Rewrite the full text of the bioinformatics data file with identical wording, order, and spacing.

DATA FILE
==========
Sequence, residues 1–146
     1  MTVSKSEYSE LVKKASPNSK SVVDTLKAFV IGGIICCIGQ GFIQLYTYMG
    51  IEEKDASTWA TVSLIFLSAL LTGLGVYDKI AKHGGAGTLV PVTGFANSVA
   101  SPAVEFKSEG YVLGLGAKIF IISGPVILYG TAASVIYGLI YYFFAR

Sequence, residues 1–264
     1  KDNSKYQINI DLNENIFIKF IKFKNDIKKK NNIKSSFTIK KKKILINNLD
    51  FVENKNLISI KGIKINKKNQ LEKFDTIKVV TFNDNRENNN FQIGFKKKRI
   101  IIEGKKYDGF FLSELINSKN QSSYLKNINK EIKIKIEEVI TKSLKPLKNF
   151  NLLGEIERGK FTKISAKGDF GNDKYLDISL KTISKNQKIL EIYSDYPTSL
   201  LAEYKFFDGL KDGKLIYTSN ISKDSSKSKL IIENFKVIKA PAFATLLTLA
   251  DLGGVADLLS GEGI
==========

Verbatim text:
Sequence, residues 1–146
     1  MTVSKSEYSE LVKKASPNSK SVVDTLKAFV IGGIICCIGQ GFIQLYTYMG
    51  IEEKDASTWA TVSLIFLSAL LTGLGVYDKI AKHGGAGTLV PVTGFANSVA
   101  SPAVEFKSEG YVLGLGAKIF IISGPVILYG TAASVIYGLI YYFFAR

Sequence, residues 1–264
     1  KDNSKYQINI DLNENIFIKF IKFKNDIKKK NNIKSSFTIK KKKILINNLD
    51  FVENKNLISI KGIKINKKNQ LEKFDTIKVV TFNDNRENNN FQIGFKKKRI
   101  IIEGKKYDGF FLSELINSKN QSSYLKNINK EIKIKIEEVI TKSLKPLKNF
   151  NLLGEIERGK FTKISAKGDF GNDKYLDISL KTISKNQKIL EIYSDYPTSL
   201  LAEYKFFDGL KDGKLIYTSN ISKDSSKSKL IIENFKVIKA PAFATLLTLA
   251  DLGGVADLLS GEGI